Via Economix, here’s an OECD study of working hours by citizens of it’s member countries. Here’s the relevant graph:

Much of it is as you’d expect from cultural stereotypes — Western Europe working the least, Japan and Mexico working the most — but I was a little surprised that Australia isn’t above average. What’s striking — to me, at least — is that hours worked *per day* doesn’t seem to be a particularly good predictor of income per capita. In fact, it’s interesting enough that I pulled the GDP per capita data from the OECD to do up a scatter plot:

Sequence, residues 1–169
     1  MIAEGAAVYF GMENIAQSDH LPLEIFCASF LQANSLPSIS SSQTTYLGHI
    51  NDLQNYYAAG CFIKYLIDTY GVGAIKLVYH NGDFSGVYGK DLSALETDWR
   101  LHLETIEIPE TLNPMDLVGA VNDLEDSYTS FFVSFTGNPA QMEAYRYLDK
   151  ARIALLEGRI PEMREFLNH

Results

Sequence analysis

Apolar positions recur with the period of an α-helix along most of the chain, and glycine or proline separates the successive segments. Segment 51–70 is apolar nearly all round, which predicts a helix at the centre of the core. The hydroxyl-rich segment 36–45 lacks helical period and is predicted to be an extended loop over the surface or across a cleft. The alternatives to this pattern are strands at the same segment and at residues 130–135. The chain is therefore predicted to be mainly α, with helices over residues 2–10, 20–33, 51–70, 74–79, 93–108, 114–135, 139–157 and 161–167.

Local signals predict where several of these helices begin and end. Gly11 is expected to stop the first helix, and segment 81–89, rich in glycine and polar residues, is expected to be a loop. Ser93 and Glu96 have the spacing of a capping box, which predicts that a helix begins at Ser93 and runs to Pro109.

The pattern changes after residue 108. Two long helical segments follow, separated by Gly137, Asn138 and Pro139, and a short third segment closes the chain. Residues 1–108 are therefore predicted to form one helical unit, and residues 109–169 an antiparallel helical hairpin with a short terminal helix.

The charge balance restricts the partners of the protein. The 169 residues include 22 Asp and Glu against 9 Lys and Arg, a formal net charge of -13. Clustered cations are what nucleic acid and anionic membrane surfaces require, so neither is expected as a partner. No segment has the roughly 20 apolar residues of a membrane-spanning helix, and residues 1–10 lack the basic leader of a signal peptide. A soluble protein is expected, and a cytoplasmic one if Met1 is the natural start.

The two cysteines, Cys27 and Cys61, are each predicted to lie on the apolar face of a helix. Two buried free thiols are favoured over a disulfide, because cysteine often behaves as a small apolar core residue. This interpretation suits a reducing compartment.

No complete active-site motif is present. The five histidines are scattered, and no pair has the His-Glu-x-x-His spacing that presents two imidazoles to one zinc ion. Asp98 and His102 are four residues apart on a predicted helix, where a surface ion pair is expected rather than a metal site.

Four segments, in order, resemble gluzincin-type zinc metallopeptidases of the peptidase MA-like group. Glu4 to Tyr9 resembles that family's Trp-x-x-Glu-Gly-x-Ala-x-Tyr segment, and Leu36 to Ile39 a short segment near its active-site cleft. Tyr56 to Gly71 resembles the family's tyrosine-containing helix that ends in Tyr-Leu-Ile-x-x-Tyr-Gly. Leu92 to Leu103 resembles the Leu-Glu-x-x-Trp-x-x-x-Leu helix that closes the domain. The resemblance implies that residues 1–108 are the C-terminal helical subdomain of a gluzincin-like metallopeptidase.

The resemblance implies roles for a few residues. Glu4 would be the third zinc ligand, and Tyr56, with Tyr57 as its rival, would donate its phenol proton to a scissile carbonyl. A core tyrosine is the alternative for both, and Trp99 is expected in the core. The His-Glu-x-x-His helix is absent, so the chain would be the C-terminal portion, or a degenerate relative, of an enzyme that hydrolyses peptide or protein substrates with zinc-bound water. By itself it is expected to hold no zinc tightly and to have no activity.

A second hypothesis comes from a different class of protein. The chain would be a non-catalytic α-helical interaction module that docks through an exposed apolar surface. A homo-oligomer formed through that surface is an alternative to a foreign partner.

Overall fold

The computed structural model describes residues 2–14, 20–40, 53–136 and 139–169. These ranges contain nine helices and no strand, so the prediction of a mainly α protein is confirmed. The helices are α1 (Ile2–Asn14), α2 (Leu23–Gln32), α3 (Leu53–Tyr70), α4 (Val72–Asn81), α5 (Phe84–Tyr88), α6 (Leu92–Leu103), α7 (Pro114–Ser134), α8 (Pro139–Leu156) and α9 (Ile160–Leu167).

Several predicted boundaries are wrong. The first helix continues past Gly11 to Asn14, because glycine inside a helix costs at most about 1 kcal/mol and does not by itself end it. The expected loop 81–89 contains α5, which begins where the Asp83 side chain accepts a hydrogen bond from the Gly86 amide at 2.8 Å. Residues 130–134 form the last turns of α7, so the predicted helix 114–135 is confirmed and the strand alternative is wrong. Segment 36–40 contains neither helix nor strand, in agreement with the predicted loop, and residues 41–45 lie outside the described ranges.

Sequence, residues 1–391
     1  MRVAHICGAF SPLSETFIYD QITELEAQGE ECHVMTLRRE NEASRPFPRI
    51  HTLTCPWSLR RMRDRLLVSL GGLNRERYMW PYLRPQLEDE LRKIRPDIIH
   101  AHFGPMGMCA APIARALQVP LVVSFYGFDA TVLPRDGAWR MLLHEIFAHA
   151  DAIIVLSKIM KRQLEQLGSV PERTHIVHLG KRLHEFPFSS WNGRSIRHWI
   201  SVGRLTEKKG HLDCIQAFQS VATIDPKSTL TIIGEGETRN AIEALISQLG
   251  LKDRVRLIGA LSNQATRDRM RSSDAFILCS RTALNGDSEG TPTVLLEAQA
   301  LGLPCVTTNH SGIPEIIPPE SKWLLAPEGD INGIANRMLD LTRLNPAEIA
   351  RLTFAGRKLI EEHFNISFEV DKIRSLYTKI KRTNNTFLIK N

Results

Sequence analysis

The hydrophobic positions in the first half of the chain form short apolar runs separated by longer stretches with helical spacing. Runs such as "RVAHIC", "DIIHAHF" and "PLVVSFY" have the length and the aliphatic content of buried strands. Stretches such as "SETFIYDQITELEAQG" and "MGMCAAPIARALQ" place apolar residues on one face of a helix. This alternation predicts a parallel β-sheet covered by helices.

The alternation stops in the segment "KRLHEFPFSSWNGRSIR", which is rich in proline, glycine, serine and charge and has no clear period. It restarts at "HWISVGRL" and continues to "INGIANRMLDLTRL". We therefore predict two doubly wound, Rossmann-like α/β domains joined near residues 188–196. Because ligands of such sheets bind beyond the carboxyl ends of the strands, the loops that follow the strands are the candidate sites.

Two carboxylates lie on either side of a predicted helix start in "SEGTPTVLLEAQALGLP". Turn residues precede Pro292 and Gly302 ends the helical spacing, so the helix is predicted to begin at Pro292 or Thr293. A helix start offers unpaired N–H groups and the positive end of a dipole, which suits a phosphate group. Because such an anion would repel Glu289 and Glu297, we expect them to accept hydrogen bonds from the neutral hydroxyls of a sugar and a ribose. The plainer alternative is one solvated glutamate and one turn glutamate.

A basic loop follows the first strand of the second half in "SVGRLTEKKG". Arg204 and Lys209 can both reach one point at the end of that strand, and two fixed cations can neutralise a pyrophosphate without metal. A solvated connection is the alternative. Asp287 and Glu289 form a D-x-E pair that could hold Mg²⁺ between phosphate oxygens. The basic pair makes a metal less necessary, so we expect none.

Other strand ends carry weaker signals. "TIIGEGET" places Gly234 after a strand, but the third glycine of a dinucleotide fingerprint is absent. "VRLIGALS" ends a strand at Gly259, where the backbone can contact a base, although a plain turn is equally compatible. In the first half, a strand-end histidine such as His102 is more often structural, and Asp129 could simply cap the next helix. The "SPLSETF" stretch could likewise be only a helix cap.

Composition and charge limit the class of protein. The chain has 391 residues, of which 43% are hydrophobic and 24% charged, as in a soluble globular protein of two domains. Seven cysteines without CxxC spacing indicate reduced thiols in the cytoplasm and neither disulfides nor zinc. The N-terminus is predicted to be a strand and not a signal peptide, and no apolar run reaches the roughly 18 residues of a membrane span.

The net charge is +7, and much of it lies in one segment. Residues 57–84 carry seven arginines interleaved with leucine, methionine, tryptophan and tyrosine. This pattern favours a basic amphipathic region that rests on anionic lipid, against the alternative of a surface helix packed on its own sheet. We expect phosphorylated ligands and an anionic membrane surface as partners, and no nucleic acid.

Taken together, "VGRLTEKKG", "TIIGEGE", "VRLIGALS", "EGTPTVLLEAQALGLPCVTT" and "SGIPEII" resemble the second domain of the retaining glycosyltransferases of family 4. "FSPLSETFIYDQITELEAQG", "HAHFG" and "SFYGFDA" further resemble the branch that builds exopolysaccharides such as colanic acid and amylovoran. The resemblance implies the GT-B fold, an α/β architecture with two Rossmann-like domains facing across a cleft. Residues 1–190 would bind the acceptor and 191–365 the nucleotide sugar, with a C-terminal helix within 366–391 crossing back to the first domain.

There’s not much of a relationship at all (R-squared of 0.1) and to the extent that there is one, it’s negative — working more per day is associated with a lower income per capita. Without Mexico (on the bottom-right), the R-squared drops to 0.04.

Time spent working per day doesn’t correlate significantly with growth rates in (real) GDP per capita, either (I’ve plotted it for 2006 to capture the state of the world before the financial crisis):

At least here the relationship, if you want to pretend there is one, is positive.